Then there’s the staggered episodic structure, which works well too. Do you want to continue with a dangling mystery from a previous chapter, or delve into a new perspective to keep things fresh? While you’ll still follow a tightly-knit linear narrative, you’ll also retain some control over the order in which you experience these chapters, which helps keep the story from feeling stale. Each episode is paced well, efficiently prodding the plot along without overstaying its welcome.
Eventually, these loosely connected tales intertwine to form a thoroughly entertaining finale. The characters are thrown into a tricky situation that tests their mettle, and we get to see how much they’ve grown through their individual journeys. And towards the final sequence, you get to make the only choice of any consequence in the game, and that’s to determine the fates of John, Meena and Donna. That said, it’s not as affecting or potent as it sounds, with the epilogues falling a little flat. For me, watching these characters navigate their messy circumstances and seeing their growth in the final act felt more powerful than the afterword.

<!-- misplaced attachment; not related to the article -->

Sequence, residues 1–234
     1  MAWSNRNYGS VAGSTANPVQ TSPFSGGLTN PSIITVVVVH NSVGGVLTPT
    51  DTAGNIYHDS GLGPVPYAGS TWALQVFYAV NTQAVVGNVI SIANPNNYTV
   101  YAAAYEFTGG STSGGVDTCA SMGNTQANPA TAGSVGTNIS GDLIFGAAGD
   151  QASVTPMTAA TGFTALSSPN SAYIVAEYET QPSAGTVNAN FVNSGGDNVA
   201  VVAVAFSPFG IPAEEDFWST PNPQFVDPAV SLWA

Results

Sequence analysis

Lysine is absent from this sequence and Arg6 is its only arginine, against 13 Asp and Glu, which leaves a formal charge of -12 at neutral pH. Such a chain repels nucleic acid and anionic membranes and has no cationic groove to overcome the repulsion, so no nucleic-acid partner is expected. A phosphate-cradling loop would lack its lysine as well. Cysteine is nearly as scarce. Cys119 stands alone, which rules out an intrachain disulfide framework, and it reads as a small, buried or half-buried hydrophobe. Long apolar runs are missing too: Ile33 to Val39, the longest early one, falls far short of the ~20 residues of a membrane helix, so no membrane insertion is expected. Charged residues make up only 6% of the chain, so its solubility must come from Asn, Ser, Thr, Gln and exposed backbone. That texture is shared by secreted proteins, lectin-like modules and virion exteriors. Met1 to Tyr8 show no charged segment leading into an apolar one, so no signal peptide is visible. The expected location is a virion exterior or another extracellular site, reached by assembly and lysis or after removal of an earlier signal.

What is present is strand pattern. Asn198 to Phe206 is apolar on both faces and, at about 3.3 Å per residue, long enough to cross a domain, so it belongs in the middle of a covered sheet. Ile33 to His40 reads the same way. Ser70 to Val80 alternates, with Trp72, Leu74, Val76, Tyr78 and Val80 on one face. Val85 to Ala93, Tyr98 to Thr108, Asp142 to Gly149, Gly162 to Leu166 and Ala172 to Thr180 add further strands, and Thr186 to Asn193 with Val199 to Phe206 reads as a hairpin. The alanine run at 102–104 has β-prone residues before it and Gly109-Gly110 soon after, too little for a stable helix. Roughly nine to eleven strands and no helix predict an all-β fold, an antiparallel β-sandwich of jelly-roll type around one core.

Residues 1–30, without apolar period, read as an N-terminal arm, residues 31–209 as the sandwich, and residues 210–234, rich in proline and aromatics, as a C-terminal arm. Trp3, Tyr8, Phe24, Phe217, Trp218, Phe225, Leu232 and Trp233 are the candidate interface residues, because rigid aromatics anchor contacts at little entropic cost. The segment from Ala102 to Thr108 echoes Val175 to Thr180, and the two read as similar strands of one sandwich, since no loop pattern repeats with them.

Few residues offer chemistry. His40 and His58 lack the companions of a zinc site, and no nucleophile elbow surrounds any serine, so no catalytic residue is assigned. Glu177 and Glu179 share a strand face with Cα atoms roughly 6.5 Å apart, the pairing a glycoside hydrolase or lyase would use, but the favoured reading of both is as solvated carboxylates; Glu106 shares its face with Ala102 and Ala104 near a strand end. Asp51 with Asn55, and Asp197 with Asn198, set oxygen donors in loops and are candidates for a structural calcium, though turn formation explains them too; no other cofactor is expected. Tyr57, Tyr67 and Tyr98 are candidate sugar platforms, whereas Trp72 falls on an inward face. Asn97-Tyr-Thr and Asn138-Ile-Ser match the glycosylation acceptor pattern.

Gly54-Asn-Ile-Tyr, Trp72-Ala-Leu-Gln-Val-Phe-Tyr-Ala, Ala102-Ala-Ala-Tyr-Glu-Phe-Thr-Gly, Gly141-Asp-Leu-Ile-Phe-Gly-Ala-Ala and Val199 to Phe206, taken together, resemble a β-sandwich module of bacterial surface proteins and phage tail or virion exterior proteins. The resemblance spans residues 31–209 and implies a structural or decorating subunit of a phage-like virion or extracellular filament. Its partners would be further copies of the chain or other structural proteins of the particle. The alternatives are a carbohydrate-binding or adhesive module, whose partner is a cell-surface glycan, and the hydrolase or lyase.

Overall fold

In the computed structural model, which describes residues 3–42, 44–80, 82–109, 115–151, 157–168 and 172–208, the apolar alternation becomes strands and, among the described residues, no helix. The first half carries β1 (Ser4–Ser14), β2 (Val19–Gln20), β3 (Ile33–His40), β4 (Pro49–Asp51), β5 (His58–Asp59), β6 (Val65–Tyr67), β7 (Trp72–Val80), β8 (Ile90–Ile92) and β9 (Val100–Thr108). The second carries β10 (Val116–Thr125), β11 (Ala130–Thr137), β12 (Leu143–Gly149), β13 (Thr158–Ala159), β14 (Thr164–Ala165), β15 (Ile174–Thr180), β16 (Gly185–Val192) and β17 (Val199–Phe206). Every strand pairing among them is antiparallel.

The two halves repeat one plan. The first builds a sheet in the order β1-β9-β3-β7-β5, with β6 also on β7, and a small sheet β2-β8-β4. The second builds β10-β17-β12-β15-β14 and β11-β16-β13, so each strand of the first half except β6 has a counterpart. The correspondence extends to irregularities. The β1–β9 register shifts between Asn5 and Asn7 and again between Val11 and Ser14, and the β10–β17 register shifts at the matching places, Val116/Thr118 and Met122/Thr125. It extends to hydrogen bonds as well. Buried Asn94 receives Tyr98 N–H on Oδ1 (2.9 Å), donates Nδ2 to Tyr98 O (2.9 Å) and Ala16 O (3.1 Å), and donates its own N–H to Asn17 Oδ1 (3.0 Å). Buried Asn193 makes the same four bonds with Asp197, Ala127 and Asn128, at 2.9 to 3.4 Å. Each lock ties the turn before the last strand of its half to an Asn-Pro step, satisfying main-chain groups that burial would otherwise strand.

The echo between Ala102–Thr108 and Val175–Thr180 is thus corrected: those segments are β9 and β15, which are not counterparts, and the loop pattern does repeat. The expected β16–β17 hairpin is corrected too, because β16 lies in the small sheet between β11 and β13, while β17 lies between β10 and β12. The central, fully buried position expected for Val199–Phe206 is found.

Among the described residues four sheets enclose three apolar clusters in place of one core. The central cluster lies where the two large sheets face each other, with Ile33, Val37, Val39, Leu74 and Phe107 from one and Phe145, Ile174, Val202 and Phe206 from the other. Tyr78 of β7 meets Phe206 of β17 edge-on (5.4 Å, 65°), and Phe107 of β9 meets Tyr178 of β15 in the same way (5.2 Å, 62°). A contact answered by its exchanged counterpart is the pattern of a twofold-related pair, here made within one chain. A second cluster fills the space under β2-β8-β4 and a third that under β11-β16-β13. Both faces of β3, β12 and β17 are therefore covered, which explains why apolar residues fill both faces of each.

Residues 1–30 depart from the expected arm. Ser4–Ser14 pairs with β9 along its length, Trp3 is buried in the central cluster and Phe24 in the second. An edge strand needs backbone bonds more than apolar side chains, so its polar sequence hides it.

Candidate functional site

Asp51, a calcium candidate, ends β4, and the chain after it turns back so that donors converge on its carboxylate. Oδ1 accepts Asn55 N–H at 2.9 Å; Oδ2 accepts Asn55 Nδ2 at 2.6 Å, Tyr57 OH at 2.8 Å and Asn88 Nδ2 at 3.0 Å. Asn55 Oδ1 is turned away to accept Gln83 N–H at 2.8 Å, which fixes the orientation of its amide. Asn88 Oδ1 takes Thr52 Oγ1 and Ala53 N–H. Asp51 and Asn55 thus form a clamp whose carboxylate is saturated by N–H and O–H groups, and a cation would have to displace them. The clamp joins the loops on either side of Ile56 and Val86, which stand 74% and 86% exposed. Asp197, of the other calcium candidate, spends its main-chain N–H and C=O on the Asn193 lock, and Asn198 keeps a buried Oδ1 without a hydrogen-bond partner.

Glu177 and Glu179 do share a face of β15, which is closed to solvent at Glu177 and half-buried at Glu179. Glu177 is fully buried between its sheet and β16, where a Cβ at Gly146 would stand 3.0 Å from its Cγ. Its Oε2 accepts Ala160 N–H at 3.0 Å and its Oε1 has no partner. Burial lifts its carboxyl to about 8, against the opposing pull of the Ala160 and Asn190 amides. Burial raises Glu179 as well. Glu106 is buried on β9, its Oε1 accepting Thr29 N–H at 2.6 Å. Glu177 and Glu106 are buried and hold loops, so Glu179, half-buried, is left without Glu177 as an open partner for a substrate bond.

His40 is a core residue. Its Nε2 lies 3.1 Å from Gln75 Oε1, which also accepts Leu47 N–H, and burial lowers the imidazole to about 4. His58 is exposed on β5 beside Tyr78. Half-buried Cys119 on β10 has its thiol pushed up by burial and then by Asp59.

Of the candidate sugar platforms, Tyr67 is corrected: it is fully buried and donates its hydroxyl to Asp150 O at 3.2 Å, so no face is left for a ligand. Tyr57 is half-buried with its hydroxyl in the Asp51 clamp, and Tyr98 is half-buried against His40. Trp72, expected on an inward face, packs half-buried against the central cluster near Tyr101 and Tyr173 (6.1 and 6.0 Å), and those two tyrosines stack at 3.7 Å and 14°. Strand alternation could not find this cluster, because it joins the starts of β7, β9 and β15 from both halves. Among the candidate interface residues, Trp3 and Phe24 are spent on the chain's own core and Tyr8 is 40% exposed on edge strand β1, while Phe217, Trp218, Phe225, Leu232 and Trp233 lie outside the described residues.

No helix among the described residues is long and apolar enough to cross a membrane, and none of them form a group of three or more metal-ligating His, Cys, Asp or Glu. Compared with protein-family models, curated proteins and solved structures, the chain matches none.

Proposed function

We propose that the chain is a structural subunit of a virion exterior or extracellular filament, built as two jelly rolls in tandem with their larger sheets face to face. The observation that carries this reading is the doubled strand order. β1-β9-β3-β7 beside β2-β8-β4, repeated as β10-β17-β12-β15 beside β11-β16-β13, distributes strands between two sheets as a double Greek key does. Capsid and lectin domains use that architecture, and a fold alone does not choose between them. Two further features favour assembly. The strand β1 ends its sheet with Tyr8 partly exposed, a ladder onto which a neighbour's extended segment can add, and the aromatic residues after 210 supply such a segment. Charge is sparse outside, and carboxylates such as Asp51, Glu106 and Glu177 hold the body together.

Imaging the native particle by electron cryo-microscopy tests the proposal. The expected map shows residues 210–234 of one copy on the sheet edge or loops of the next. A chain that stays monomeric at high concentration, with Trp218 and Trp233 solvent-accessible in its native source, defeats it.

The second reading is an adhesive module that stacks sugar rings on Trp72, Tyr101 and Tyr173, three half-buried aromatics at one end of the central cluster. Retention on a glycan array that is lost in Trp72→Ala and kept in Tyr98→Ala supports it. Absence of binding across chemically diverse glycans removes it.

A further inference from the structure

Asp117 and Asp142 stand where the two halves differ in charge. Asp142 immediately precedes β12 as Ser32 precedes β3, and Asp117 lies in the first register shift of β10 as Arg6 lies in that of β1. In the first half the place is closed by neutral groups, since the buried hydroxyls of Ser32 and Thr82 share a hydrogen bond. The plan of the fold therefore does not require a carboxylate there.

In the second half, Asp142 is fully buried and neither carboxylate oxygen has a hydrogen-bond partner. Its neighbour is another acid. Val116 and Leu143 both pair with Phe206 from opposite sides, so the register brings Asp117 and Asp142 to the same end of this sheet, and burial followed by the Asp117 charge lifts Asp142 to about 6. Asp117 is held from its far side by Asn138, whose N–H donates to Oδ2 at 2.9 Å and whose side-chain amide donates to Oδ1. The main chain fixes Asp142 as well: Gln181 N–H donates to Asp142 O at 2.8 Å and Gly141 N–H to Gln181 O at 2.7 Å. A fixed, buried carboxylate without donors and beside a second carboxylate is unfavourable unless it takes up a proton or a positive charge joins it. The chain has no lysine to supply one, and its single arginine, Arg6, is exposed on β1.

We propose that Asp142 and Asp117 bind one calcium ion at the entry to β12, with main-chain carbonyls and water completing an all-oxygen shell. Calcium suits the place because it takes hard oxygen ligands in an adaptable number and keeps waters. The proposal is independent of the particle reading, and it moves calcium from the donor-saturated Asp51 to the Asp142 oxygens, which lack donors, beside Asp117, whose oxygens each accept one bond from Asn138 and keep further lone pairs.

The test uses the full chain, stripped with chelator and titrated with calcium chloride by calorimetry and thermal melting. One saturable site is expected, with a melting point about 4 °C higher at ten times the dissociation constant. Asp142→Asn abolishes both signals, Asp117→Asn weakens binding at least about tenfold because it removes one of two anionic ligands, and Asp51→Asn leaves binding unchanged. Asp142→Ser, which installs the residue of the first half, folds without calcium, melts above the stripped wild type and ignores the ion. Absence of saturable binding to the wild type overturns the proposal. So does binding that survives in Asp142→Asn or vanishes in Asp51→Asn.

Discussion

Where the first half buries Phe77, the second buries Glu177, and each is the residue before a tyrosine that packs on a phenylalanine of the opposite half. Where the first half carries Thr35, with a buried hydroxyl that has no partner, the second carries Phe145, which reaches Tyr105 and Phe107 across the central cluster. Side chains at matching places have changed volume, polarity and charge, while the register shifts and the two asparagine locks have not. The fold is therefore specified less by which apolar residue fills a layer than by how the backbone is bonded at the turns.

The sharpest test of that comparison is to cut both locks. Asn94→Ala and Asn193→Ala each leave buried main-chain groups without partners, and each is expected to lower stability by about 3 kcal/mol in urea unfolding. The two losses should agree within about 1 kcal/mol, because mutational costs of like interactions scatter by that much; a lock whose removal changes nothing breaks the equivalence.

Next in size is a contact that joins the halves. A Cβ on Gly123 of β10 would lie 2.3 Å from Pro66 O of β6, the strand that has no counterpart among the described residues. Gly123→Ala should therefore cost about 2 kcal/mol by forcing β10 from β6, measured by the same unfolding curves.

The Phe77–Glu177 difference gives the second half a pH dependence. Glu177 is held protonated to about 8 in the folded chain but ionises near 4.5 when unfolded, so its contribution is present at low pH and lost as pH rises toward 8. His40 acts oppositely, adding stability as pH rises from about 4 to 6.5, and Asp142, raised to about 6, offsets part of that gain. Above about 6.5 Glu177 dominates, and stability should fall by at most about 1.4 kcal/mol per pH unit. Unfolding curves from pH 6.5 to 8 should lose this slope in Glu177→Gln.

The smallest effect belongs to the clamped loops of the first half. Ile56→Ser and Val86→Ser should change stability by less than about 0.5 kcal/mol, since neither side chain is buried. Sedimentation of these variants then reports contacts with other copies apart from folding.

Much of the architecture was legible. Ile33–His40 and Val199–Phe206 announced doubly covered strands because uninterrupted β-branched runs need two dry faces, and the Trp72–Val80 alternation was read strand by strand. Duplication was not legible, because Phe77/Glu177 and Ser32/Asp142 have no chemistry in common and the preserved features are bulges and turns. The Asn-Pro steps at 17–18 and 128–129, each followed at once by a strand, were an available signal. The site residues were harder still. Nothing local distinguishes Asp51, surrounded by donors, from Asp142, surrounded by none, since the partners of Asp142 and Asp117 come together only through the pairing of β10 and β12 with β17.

Last Stop isn’t perfect. Its limited and tepid interactivity makes it better suited as a TV show, but I can’t deny that the story is entertaining and absorbing enough where, in the grand scheme of things, its shortcomings didn’t matter much. It took me back to the days of charming British sci-fi tv shows like Blake 7, Doctor Who and Torchwood, where these shows shared a love of telling character-driven stories on a backdrop of big themes despite budget constraints. With its intimate cast of characters, eccentric English charm and cosy story-telling, Last Stop replicates these shows’ charisma, creating an enjoyable sci-fi tale that’s gripping and one you’ll want to see through to the end.